During the concentration, learners take classes in program analysis, the software process, and testing methods. Majors also learn how to manage the development process.
A software engineering concentration prepares learners to work as software developers or software engineers. These professionals earn a median $110,140 annually.
Accreditation for Computer Science Programs
Accreditation recognizes schools and programs that meet high standards. Colleges receive accreditation after undergoing a rigorous review. Independent, nonprofit accrediting bodies evaluate schools on their student learning outcomes, academic mission, and faculty qualifications.
Accreditors also examine the institution's fiscal health and improvement plans. Schools that exceed the accreditor's standards receive accreditation. Accredited institutions regularly repeat the process to maintain their status.
Individual computer science programs can pursue programmatic accreditation. The Accreditation Board for Engineering and Technology (ABET) accredits computer science programs. Students who choose an ABET-accredited program can feel confident that their program provides a rigorous, relevant curriculum.
Students can check their prospective schools' accreditation status by visiting the U.S. Department of Education's accreditation database.
Top Industries for Computer Science Majors
Computer science graduates work in many different fields. Tech companies like Apple and Google hire these graduates. The government also relies on computer science professionals to secure sensitive information and manage databases. Government agencies need computer network architects, programmers, and computer systems analysts.
Many computer science graduates work in the healthcare industry. Data management makes up a large part of modern healthcare. Computer science professionals create databases, analyze patient data, and secure private medical information.
Financial services, education, and agritech companies also hire computer science degree-holders. Most roles only require a bachelor's degree.
Computer Science Career and Salary Outlook
The BLS projects high demand and reports above-average wages for many computer science degree jobs. The field may add more than 667,000 new jobs for computer science professionals from 2020-2030.
Earning an in-person or online computer science degree prepares graduates for careers in high-paying fields like cybersecurity, software development, and data science. The following table lists the median salary, projected job growth, and degree requirements for some of the many computer science career paths.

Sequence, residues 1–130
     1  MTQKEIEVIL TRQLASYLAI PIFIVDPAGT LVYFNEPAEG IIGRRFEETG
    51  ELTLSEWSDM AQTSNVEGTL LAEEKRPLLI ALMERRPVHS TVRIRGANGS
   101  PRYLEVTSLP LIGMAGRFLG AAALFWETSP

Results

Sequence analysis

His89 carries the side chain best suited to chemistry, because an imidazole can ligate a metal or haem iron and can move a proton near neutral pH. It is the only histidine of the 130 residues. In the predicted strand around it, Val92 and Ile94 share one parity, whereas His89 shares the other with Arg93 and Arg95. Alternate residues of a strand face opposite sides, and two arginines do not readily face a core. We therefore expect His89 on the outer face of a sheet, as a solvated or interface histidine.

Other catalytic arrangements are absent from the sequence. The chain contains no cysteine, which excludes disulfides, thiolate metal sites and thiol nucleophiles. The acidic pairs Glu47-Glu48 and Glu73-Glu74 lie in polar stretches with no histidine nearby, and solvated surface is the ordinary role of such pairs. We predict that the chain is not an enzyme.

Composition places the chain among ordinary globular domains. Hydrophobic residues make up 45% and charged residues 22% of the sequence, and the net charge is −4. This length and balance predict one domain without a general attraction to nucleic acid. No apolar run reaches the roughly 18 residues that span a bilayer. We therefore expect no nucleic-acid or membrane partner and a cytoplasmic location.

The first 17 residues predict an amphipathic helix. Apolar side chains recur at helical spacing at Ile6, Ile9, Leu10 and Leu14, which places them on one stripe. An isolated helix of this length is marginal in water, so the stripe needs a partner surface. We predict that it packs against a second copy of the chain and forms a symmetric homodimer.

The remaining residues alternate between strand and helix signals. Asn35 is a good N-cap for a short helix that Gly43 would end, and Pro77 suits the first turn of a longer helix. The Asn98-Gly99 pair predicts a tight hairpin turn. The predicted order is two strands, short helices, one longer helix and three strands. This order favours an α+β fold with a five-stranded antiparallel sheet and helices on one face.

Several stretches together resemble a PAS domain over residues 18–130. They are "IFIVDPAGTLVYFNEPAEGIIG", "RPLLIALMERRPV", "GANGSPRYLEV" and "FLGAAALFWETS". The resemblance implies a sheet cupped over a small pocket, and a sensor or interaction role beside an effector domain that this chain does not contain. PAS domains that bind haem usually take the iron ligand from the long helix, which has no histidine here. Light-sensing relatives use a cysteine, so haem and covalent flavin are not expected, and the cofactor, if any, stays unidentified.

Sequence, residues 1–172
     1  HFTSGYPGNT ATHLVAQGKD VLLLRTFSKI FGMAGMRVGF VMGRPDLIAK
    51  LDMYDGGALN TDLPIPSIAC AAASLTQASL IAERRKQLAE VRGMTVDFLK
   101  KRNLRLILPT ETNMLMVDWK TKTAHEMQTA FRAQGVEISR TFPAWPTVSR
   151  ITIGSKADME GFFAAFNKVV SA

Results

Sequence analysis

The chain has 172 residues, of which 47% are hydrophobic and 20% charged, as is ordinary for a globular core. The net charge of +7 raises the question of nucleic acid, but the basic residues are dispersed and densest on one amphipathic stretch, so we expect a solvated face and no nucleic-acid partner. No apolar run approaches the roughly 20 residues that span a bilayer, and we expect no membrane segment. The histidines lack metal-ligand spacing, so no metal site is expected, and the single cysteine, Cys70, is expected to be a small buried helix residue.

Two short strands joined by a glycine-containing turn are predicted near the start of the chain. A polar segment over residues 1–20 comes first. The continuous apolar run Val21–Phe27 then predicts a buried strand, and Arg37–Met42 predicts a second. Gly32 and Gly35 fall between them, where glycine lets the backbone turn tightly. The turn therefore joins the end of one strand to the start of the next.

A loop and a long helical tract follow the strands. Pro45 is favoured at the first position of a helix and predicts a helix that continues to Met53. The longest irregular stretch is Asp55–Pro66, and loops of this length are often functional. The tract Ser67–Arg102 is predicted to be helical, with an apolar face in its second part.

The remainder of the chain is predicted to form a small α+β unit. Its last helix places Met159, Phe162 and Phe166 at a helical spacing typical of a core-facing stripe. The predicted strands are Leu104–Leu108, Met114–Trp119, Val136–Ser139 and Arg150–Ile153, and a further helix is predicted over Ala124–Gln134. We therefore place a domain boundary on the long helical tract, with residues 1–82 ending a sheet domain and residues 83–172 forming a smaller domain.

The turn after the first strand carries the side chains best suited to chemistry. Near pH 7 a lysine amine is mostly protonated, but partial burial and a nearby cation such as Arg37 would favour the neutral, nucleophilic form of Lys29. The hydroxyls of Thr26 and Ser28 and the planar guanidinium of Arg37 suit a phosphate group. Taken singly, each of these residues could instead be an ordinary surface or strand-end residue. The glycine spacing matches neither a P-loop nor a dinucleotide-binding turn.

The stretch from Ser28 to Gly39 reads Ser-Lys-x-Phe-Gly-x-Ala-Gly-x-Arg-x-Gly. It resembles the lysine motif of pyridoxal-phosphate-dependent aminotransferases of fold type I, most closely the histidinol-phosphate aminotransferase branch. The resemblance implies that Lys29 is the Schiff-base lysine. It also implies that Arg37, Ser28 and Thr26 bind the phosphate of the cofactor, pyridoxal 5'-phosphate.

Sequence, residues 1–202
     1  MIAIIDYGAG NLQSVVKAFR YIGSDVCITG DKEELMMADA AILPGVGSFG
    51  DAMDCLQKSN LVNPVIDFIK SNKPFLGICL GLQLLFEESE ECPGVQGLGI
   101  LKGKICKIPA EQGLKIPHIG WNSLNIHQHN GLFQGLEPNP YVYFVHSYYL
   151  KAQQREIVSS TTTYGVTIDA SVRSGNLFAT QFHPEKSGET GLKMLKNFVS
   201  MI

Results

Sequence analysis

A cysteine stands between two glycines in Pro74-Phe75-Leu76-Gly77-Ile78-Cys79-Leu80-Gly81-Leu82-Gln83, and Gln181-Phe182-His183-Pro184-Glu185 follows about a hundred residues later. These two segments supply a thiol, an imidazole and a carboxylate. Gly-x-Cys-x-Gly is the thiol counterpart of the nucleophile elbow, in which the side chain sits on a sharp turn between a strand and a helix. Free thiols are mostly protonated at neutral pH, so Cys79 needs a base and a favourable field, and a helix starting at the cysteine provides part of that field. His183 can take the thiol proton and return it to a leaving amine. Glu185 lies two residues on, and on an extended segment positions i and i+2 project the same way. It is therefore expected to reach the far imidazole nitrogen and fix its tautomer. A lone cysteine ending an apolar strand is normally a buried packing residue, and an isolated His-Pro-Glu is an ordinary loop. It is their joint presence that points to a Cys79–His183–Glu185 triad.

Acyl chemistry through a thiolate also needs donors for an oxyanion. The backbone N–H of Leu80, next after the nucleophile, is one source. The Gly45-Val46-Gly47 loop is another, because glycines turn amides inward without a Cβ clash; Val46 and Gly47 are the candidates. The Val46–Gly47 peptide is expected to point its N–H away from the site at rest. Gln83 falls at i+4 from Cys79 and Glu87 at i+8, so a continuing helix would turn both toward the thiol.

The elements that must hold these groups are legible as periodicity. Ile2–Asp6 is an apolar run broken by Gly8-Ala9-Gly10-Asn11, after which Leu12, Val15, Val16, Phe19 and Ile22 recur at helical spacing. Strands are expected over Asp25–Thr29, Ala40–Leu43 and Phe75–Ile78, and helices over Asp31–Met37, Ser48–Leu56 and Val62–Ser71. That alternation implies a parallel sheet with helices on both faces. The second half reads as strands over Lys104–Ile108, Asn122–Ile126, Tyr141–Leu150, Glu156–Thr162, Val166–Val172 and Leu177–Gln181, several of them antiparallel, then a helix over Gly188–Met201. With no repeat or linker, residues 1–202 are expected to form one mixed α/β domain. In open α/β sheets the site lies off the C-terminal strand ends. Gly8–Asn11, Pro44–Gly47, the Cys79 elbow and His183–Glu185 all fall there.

|Career||Median Annual Salary (2020)||Projected Job Growth (2020-2030)||Degree Required|
|Computer and Information Research Scientists||$131,490||22%||Master's|
|Computer Network Architects||$120,520||5%||Bachelor's|
|Information Security Analysts||$102,600||33%||Bachelor's|
|Computer Systems Analysts||$99,270||7%||Bachelor's|
|Network and Computer Systems Administrators||$80,600||5%||Bachelor's|
|Web Developers and Digital Designers||$77,200||13%||Bachelor's|
|Computer Support Specialist||$57,910||9%||Associate|
Source: Bureau of Labor Statistics
Interview With a Computer Science Expert
Alejandro Cantarero builds data-driven products. He works as Nami ML's CTO, helping companies with apps create happy customers through their subscription experiences. His previous roles include VP of data at Tribune Publishing and the Los Angeles Times, where he led teams of analysts, data scientists, consumer researchers, and engineers in building data products to improve the digital news experience. Alejandro holds a Ph.D. in mathematics from UCLA.
Preferred Pronouns: He / Him / His
What Certificates or Degrees in Computer Science Do You Hold?
A bachelor of science. I also have a bachelor of science in applied mathematics, a master of arts in mathematics, and a doctorate in mathematics.
Why Did You Choose to Study Computer Science?
Initially, I enjoyed the problem-solving nature of programming. As my studies continued, I got very interested in how to apply math to solve real-world problems.
The first spot I encountered this was in a required linear algebra course for all computer science majors. The class had an option to complete a project in image processing, where I learned to write programs to automatically find and extract objects inside of images. After completing this project, I shifted my computer science focus to numerical computation and took more courses in applied mathematics.